A good option for gardening in a small space that requires no weeding, bending, or stooping, is upside down gardening. Several vegetables can be grown using this method. They are tomatoes, cucumbers, egglplants, beans, and peppers.
The tops of your upside down garden can also grow such things as radishes, herbs, lettuce, and spinach. Just make sure that the plants on top and the plants on the bottom have the same sunlight and water requirements.
Here are some simple instructions from Nikki Phipps for making your upside down garden, as well as a video from basicgardeningtips.com. The instructions vary a bit concerning the size of the hole and the newspaper at the bottom of the bucket, but these are personal preferences. So give it a try, and determine the best method for you.
Upside-down gardening is easy. All you need to get started are some large hanging containers, potting soil (amended with compost), and plants. Of course, with any type of gardening, it doesn’t hurt to have a plan beforehand. For instance, know what you want to plant, how much you want to plant, and where you want to hang it.
For larger plants and crops, such as your tomatoes and cucumbers for example, most people prefer using an ordinary 5-gallon bucket. Buckets are not only easy to come by, as most of us more than likely have one or two already on hand, but they are also sturdy and great for hanging. Alternatively, you can use large, plastic hanging baskets as well as smaller versions for smaller plants.
Once you have chosen suitable containers, you’ll have to drill a hole into the bottom. Typically, the hole needs to be about 2 inches for large containers and buckets and slightly smaller for others, depending on their size. It often helps to have a place to hang these containers while preparing your upside-down garden, as you’ll need to flip the container back over (right side up) for plant placement.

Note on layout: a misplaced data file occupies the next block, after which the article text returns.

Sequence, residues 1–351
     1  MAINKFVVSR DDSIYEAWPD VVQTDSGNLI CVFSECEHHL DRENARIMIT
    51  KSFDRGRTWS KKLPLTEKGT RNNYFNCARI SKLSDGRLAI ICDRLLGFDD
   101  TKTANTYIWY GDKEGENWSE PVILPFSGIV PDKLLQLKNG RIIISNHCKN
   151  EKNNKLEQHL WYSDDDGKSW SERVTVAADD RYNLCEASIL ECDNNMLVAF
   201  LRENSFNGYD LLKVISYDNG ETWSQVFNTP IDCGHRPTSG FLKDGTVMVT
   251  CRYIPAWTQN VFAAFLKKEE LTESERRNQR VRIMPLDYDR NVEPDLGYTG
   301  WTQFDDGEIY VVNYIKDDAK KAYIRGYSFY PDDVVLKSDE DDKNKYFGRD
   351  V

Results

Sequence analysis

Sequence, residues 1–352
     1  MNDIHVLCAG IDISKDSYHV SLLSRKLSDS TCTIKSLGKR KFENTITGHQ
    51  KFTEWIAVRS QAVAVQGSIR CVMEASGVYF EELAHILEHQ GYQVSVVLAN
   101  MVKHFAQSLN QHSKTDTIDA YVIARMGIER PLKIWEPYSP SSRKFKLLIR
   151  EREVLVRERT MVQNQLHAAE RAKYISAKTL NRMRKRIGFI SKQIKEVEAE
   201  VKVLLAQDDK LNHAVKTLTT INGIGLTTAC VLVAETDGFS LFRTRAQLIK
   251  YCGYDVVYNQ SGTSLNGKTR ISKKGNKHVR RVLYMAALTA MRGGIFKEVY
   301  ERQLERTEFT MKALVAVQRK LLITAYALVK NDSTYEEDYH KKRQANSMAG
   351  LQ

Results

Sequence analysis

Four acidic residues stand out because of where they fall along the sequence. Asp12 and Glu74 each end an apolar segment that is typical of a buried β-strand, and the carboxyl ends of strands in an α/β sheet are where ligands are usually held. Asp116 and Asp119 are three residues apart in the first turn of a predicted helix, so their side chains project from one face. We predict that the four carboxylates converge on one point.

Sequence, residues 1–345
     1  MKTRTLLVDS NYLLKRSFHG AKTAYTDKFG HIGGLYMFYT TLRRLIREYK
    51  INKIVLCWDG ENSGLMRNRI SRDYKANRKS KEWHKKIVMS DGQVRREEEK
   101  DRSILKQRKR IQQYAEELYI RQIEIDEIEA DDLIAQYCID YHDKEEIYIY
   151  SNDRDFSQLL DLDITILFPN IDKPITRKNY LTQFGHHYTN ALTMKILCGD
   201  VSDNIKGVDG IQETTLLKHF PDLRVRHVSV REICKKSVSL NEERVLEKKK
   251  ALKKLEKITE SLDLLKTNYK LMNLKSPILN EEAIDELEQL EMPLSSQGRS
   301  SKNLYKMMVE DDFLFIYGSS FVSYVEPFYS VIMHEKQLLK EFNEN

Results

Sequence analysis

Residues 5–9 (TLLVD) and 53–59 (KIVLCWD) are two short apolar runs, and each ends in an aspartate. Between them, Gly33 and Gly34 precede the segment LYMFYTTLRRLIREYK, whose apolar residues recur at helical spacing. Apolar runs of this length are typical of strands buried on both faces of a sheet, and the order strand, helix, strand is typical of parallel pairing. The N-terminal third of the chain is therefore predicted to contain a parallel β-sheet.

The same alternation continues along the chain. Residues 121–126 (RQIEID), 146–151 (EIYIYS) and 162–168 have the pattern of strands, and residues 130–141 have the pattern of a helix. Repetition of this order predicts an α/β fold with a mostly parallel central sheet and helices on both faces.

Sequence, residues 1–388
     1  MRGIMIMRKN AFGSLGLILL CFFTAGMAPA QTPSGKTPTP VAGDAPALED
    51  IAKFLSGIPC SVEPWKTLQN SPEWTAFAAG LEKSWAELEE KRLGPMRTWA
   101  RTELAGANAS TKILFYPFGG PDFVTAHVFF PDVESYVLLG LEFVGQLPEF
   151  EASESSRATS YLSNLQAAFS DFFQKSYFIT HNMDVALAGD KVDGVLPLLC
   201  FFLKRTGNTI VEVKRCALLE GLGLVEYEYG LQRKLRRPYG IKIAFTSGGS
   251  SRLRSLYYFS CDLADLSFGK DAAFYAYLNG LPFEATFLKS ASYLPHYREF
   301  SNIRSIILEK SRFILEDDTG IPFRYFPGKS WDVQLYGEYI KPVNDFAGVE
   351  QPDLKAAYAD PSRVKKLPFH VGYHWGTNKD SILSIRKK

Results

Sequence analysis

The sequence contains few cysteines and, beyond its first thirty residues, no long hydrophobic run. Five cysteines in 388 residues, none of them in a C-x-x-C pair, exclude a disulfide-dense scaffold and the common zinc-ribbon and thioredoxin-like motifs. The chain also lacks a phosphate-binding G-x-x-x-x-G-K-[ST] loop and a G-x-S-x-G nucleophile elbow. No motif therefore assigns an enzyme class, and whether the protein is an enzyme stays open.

Before placing your plant into the container, locate something to place into its bottom, such as a small piece of newspaper, landscaping fabric, or a coffee filter. This will be used for anchoring the plant in place until it’s strong enough to hold its own. It will also prevent the soil from washing out through the hole during watering. Place a slit in the material for the seedling (or small plant) to maneuver through and then carefully guide the plant down into and through the hole, upside down.
As you hold the plant’s root ball in place, begin filling in around it with the soil/compost mix, taking care to tamp the soil as you go. Continue filling the container with soil just until you reach about an inch or so from its rim.
For additional interest and space, add some low-growing plants in the top portion of the container. This can range from small crops, such as lettuce, to a handful of herbs, like basil and parsley. You could also choose to place an attractive flowering plant, such as petunia, into the top as well.
Hang your upside-down garden in a sunny location and water it thoroughly, making sure it reaches the bottom. In fact, the water should run out of the bottom hole. Watering requirements for your upside-down garden will usually vary according to the types of plants used and your particular climate. Typically, in most places, especially during periods of hot, dry weather, your upside-garden will require watering daily, if not every other day.